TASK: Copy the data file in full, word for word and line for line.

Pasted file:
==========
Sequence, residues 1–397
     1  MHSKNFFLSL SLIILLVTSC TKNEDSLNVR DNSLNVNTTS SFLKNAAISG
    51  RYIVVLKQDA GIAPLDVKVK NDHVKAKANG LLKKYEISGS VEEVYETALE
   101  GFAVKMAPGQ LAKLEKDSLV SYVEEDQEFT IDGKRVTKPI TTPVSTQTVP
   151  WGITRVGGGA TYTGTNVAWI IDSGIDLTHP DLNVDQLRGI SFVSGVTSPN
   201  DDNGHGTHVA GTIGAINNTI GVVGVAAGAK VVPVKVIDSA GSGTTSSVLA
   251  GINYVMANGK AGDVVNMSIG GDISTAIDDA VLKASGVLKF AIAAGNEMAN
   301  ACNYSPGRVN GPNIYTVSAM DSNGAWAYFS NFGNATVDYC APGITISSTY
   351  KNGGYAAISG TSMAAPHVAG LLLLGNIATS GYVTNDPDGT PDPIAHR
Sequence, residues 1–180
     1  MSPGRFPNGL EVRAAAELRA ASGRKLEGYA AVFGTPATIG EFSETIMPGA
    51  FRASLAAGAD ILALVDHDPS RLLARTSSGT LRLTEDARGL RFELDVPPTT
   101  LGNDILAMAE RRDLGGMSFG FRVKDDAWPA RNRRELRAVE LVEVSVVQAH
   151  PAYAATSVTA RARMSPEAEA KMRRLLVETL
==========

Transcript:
Sequence, residues 1–397
     1  MHSKNFFLSL SLIILLVTSC TKNEDSLNVR DNSLNVNTTS SFLKNAAISG
    51  RYIVVLKQDA GIAPLDVKVK NDHVKAKANG LLKKYEISGS VEEVYETALE
   101  GFAVKMAPGQ LAKLEKDSLV SYVEEDQEFT IDGKRVTKPI TTPVSTQTVP
   151  WGITRVGGGA TYTGTNVAWI IDSGIDLTHP DLNVDQLRGI SFVSGVTSPN
   201  DDNGHGTHVA GTIGAINNTI GVVGVAAGAK VVPVKVIDSA GSGTTSSVLA
   251  GINYVMANGK AGDVVNMSIG GDISTAIDDA VLKASGVLKF AIAAGNEMAN
   301  ACNYSPGRVN GPNIYTVSAM DSNGAWAYFS NFGNATVDYC APGITISSTY
   351  KNGGYAAISG TSMAAPHVAG LLLLGNIATS GYVTNDPDGT PDPIAHR
Sequence, residues 1–180
     1  MSPGRFPNGL EVRAAAELRA ASGRKLEGYA AVFGTPATIG EFSETIMPGA
    51  FRASLAAGAD ILALVDHDPS RLLARTSSGT LRLTEDARGL RFELDVPPTT
   101  LGNDILAMAE RRDLGGMSFG FRVKDDAWPA RNRRELRAVE LVEVSVVQAH
   151  PAYAATSVTA RARMSPEAEA KMRRLLVETL